Lucinda Holt, an instructor in the College of Media & Communication, discusses how her experiences shaped her journalism career and led her back to the College.
When her sister, Lydia “Yaya” Mendez, was suddenly killed by a drunk driver in 2003, Lucinda Holt's life was forever altered.
“Anything can change in an instant. That's kind of my life motto ever since that accident,” Holt said. “You have to prepare for the unexpected; you never know what's going to happen, and you never know what life has in store for you.”
Now an instructor in the Department of Journalism & Creative Media Industries in the College of Media & Communication at Texas Tech University, Holt's career began after graduating from CoMC with a B.A. in journalism in 2014. She set out to become an accomplished freelance journalist, and her work was soon published in The New York Times and Reuters.
However, Holt's passion for newswriting started long before she entered the field.
Her father, a family man who worked as a migrant worker in the cotton fields, first sparked Holt's interest in journalism. He educated himself and others through the daily newspaper and regularly quizzed Holt on current news.
“I remember sitting at the table, tired from school,” Holt said. “I knew I'd have to answer my dad's questions on current events and that wasn't a lot of fun, but looking back at how it shaped me, I'm very appreciative now.”
Originally from Southland in Garza County, Holt graduated high school with only ten others in her class.
“I always knew journalism was my thing,” she said. The school didn't have a newspaper, so Holt helped create one. “That was the first big indicator that I was ready to go into a career in journalism.”
According to Holt, there are significant benefits that come with being a reporter, including opportunities for unique experiences and self-autonomy.
“The great thing about journalism is if you don't like your job, you can change it,” she said. “You choose what you do and who you want to be in the newsroom. You can sit at your desk and work a nine- to-five or you can get out and start knocking on doors.”
For example, Holt enjoys long-form reporting.
“I really enjoy writing feature pieces,” she said. “A lot of people struggle with crime stories, but I like them because they help bring families closure.”
Holt returned to the College of Media & Communication to earn her master's degree in mass communication, and in 2019, was hired as an instructor for the College. Holt currently teaches three courses – MCOM 2320 (Writing for Media and Communication), JOUR 3312 (Reporting) and JOUR 4350 (Multiplatform News Delivery).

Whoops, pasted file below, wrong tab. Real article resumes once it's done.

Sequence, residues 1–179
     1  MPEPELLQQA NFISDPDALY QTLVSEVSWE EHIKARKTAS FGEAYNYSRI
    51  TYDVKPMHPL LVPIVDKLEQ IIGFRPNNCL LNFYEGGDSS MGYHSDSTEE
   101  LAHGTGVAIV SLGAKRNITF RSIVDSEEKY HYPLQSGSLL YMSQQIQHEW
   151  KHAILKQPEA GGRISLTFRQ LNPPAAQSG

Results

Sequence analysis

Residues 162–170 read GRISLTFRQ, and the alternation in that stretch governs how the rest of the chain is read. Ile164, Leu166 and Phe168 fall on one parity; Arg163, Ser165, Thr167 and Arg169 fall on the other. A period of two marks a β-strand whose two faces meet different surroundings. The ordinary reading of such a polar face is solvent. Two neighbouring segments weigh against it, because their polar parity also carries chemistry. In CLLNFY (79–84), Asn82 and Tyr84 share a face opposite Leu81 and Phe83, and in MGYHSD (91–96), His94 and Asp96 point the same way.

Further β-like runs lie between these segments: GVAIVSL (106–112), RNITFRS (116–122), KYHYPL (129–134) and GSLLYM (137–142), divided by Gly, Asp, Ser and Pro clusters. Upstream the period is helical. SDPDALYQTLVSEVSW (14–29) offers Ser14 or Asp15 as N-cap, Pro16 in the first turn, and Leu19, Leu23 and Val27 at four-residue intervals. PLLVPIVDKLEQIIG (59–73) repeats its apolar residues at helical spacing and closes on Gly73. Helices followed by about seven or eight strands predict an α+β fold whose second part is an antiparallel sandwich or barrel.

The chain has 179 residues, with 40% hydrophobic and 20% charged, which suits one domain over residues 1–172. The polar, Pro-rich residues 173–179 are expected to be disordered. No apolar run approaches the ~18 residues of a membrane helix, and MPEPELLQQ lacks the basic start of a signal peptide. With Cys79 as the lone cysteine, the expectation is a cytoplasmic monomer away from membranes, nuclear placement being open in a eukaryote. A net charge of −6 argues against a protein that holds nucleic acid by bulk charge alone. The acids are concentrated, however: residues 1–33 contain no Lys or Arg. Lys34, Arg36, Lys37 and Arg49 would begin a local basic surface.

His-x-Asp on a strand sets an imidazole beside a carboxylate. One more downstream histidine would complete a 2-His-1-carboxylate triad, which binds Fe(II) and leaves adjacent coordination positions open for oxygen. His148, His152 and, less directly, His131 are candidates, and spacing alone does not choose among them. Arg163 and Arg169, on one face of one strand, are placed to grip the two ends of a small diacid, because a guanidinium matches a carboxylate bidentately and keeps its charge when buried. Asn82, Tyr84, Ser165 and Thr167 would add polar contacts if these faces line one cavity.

In addition to training the next generation of journalists, Holt continues to work as a freelancer for The New York Times. A typical day for her involves keeping up-to-date on current news events and figuring out how to incorporate them into her classes.
“When I wake up, I start checking emails right away. I look at what happened overnight on social media; that's something that became a habit from the newsroom,” she said. “You can't teach journalism if you don't know what's going on.”
Integrating past work experiences and professional connections enables Holt to support student journalists with resources and a safe space to practice their craft. As an instructor, Holt gives her students both tools and opportunities to become better communicators.
Holt arranges hands-on experiences for her classes such as mock press conferences with City of Lubbock Police Department public information officers to discuss ongoing cases. She also invites speakers to the classroom (such as Lubbock Avalanche-Journal Court Reporter Gabriel Monte) who share a look inside the life of media professionals.
“When [students] see the responsibility that comes with reporting and investigating, that is rewarding,” Holt said.
Being a journalist can also mean a lot of hard work. According to Holt, one of the tougher aspects of the industry is the 24-hour news cycle that demands constantly updated news.
To meet this goal, reporters may work closely with local agencies to ensure damage control and reduce the risk for the spread of inaccurate information.
“It creates this pressure [for reporters] to get information out quickly because everybody has a cellphone,” she said. “If you don't get it out fast, you have the public posting photos. So, you have to get the story out factually and respectfully in a timely manner.”
Holt believes it is critical that she offer more than coursework to teach students how to first identify a story worth telling and then how to write an article worth reading.
“Students need to notice when moral and ethical issues arise and how to deal with them,” she said. “A lot of people think journalism and print are dying, but they're actually transforming and we need to stay on top of it.”
To anyone interested in a career in journalism, Holt offers this advice:
“I would highly encourage them to just go for it,” she said. “Whether you're a writer or not, if you have the soul of a storyteller, go for it. In journalism, you learn something new every single day, and no day is the same.”
“I've done everything from hanging out on the back of a plane doing a nap-of-the-earth flight to gearing up as firefighter for a day. I've had a lot of fun as a journalist,” Holt said. “I'm very lucky to have all these experiences under my belt and I'm excited to share them with my students.”
Although the opportunity to share her sister's story never came, she has taken it upon herself to voice her sister's story and to tell the stories of all affected by situations.
Her sister would be proud of her.